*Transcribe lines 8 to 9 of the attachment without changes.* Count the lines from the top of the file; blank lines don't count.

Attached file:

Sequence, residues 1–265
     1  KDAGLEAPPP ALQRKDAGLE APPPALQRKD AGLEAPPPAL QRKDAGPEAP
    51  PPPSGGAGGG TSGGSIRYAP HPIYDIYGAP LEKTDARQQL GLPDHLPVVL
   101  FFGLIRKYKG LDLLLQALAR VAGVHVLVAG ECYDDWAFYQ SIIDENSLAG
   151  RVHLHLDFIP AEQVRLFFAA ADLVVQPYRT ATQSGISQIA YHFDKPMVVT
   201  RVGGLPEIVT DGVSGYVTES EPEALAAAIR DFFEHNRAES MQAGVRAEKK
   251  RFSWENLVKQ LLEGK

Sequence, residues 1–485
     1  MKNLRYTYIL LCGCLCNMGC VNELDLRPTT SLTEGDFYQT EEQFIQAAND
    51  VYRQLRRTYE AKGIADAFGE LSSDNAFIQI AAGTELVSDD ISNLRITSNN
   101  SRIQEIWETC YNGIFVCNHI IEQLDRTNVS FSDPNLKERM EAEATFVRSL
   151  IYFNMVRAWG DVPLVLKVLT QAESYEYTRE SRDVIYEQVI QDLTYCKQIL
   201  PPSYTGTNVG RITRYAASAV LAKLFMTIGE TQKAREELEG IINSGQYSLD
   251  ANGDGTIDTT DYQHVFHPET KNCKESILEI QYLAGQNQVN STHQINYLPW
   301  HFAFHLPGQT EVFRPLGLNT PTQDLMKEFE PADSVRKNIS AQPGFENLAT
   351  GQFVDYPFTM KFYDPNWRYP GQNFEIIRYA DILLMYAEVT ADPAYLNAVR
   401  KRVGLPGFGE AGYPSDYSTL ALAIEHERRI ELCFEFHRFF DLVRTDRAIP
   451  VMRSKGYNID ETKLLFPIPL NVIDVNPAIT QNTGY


Sequence, residues 1–485
     1  MKNLRYTYIL LCGCLCNMGC VNELDLRPTT SLTEGDFYQT EEQFIQAAND